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Fluoride toothpaste, mouthwash, etc.
Old 12-29-2015, 08:02 PM   #1
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Fluoride toothpaste, mouthwash, etc.

So I have been reading some fine print on some of the soap and other items around the house and getting horrified. The dish soap and (ugh) toothpaste do not make the cut (potential carcinogens on your dishes and toothbrush, anyone?). I can buy products without the offending ingredients or make them, but the toothpaste in particular is an issue. If I make it, fluoride appears impossible to add to it on a DIY basis. So is it necessary? I live in a place with fluoridated water, see a dentist regularly, etc. There is a lot of tinfoil hat-sounding stuff on fluoride. Has anyone done the research?
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Old 12-30-2015, 02:36 AM   #2
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You can buy a fluoride rinse. That is as good (or better) than the tooth paste.
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Old 12-30-2015, 05:52 AM   #3
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What are the offending ingredients in toothpaste, pray tell?

I would think that drinking thousands of gallons of floridated water would be worse.
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Old 12-30-2015, 08:22 AM   #4
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Is it just triclosan you're worried about? You can buy toothpaste and soap without it.


Also, if you don't want carcinogens, you'll have to stop drinking beer as alcohol is a well-established carcinogen.


Alcohol and Cancer Risk Fact Sheet - National Cancer Institute
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Old 12-30-2015, 08:31 AM   #5
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Sodium lauryl sulfate. I understand I take cancer and other risks with what I eat, drink, breathe and do. This stuff is an unnecessary addition to these products.
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Old 12-30-2015, 08:31 AM   #6
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Originally Posted by brewer12345 View Post
So I have been reading some fine print on some of the soap and other items around the house and getting horrified. The dish soap and (ugh) toothpaste do not make the cut (potential carcinogens on your dishes and toothbrush, anyone?). I can buy products without the offending ingredients or make them, but the toothpaste in particular is an issue. If I make it, fluoride appears impossible to add to it on a DIY basis. So is it necessary? I live in a place with fluoridated water, see a dentist regularly, etc. There is a lot of tinfoil hat-sounding stuff on fluoride. Has anyone done the research?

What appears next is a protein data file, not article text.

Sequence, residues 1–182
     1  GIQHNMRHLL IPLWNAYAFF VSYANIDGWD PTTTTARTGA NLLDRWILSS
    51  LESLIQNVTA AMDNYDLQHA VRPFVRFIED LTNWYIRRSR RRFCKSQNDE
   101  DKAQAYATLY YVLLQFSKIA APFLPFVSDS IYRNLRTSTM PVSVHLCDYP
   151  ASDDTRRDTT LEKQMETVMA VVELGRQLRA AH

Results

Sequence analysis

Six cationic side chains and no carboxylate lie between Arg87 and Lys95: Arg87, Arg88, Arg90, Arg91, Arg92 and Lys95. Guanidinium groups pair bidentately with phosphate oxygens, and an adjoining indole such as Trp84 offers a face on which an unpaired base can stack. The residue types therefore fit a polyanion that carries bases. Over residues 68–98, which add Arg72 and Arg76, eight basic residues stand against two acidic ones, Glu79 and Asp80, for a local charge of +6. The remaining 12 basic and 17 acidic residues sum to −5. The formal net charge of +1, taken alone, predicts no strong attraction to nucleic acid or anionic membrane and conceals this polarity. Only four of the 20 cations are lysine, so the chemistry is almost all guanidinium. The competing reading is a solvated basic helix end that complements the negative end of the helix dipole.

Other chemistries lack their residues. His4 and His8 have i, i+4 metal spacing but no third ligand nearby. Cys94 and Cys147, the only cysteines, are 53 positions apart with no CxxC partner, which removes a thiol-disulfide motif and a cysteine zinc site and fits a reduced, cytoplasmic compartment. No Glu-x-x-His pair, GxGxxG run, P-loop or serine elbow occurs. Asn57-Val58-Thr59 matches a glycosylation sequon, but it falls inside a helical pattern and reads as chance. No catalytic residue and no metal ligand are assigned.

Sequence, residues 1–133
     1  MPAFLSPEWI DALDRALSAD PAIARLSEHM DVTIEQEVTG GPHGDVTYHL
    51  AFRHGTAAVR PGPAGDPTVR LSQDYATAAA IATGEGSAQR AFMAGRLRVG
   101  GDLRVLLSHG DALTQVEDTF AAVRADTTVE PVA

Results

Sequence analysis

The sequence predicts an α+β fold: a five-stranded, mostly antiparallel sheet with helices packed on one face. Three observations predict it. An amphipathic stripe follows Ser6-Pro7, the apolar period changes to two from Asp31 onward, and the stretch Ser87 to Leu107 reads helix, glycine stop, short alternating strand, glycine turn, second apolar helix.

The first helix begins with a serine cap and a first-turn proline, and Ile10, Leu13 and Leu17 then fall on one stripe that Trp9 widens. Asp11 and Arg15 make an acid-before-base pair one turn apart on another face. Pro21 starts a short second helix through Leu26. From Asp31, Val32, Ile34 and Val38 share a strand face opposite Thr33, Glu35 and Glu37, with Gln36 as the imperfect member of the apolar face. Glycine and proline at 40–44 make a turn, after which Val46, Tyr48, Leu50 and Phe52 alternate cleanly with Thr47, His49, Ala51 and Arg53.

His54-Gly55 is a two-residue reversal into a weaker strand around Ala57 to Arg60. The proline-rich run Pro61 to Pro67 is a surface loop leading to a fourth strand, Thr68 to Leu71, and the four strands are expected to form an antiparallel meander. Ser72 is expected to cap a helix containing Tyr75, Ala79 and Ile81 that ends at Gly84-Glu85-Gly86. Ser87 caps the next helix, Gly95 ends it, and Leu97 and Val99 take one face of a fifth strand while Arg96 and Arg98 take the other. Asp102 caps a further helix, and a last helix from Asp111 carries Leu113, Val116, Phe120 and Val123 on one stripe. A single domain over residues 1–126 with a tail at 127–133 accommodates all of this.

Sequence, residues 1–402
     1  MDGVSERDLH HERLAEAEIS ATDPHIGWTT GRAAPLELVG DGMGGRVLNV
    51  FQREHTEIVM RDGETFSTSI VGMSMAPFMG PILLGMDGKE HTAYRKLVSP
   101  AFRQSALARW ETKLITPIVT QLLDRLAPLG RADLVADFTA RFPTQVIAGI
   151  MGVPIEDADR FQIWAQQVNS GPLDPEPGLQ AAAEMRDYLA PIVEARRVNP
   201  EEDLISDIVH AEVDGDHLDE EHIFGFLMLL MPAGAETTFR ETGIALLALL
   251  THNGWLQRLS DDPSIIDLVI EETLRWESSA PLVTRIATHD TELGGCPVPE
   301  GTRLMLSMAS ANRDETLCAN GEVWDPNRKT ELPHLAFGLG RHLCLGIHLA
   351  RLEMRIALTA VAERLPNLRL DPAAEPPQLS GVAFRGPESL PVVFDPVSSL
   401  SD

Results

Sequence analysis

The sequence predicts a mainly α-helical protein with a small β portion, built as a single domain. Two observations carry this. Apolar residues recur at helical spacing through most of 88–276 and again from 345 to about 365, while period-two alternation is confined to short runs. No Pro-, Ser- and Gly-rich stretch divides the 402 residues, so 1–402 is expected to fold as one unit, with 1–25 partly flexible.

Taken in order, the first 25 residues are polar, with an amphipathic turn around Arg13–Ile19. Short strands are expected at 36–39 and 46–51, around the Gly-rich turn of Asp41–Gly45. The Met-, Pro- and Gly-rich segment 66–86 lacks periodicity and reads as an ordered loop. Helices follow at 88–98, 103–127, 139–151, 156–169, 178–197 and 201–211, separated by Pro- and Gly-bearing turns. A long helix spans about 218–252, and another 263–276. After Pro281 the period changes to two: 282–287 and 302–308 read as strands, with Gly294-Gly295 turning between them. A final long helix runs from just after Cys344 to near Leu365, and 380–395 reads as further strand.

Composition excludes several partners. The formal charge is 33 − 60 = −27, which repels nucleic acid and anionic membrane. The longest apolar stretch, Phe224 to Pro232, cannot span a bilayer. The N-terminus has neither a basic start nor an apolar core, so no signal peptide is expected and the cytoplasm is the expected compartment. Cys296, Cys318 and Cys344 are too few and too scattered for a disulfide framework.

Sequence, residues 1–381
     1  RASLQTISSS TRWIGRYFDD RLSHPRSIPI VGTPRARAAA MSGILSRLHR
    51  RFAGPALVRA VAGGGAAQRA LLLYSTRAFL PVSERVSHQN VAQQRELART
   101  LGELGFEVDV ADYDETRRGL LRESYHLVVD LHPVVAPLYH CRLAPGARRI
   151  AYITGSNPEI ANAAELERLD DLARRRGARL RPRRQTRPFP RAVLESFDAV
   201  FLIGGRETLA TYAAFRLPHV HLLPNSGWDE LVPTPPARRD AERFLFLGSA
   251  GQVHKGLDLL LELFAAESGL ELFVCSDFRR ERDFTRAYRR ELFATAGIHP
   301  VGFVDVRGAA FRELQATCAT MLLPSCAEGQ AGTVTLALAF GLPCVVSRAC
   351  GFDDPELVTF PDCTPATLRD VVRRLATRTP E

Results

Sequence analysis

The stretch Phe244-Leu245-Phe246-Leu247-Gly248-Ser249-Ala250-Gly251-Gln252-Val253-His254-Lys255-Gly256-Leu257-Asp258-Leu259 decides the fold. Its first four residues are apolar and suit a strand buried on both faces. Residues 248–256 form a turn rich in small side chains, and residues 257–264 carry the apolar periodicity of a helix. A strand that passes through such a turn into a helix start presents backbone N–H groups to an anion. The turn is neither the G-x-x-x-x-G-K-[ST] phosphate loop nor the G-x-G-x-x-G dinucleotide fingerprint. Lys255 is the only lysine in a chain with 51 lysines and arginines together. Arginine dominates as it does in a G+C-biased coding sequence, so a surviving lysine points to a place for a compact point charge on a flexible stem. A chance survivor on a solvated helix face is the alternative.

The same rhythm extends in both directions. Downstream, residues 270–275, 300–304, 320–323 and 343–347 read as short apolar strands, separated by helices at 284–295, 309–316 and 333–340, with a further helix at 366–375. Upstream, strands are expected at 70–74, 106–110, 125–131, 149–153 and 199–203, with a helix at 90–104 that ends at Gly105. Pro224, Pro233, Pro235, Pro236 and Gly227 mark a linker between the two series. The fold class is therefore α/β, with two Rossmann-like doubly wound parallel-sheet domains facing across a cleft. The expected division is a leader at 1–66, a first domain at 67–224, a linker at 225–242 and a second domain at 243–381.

Are you in California by any chance? I wonder because according to the state of California, EVERYTHING IN THE UNIVERSE causes cancer.
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Old 12-30-2015, 10:24 AM   #7
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Are you in California by any chance? I wonder because according to the state of California, EVERYTHING IN THE UNIVERSE causes cancer.
No kidding. Almost anything you buy has the proposition whatever notice.

I started making soap a few months ago and plan on selling some in the new year. As I learn more about all of this, I am amazed at some of the ingredients that are routinely allowed in soap, toothpaste, hand lotion, etc. You would NEVER choose to put this in stuff you planned on using if you were making it yourself. So I am hardly an alarmist, but its not rocket science to figure out that you can reduce your risk by doing simple things to remove the more questionable ingredients from stuff you use.
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Old 12-30-2015, 10:28 AM   #8
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Sodium lauryl sulfate is on the GRAS (generally regarded as safe) list, and is very widely used in both cleaning products and food products, so it wouldn't bother me.

I would put the issue on the same level as the federal regulations about how many insect parts are allowed in a jar of peanut butter.

But you have to do what makes you feel best.
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Old 12-30-2015, 11:08 AM   #9
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Sodium lauryl sulfate is on the GRAS (generally regarded as safe) list, and is very widely used in both cleaning products and food products, so it wouldn't bother me.

I would put the issue on the same level as the federal regulations about how many insect parts are allowed in a jar of peanut butter.

But you have to do what makes you feel best.
SLS is a pretty good skin irritant, which alone is good enough reason to avoid it. The issue isn't SLS itself, though. The problem is that SLS and SLES are sometimes contaminated with 1,4 dioxane, a known carcinogen. How much and how often? There is basically no testing or requirements for monitoring, so nobody does it. Random sampling of products in the market in the past has yielded some surprisingly high levels in some products, well beyond the threshold of increasing one's risk with frequent exposure (by brushing your teeth, washing your hair, using cosmetics, etc.).



https://en.wikipedia.org/wiki/1,4-Dioxane


"In 2008, testing sponsored by the U.S. Organic Consumers Association found dioxane in almost half of tested organic personal-care products.[23] Since 1979 the U.S. Food and Drug Administration (FDA) have conducted tests on cosmetic raw materials and finished products for the levels of 1,4-dioxane.[24] 1,4-Dioxane was present in ethoxylated raw ingredients at levels up to 1410 ppm, and at levels up to 279 ppm in off the shelf cosmetic products.[24] Levels of 1,4-dioxane exceeding 85 ppm in children's shampoos indicate that close monitoring of raw materials and finished products is warranted.[24] While the FDA encourages manufacturers to remove 1,4-dioxane, it is not required by federal law.[25]"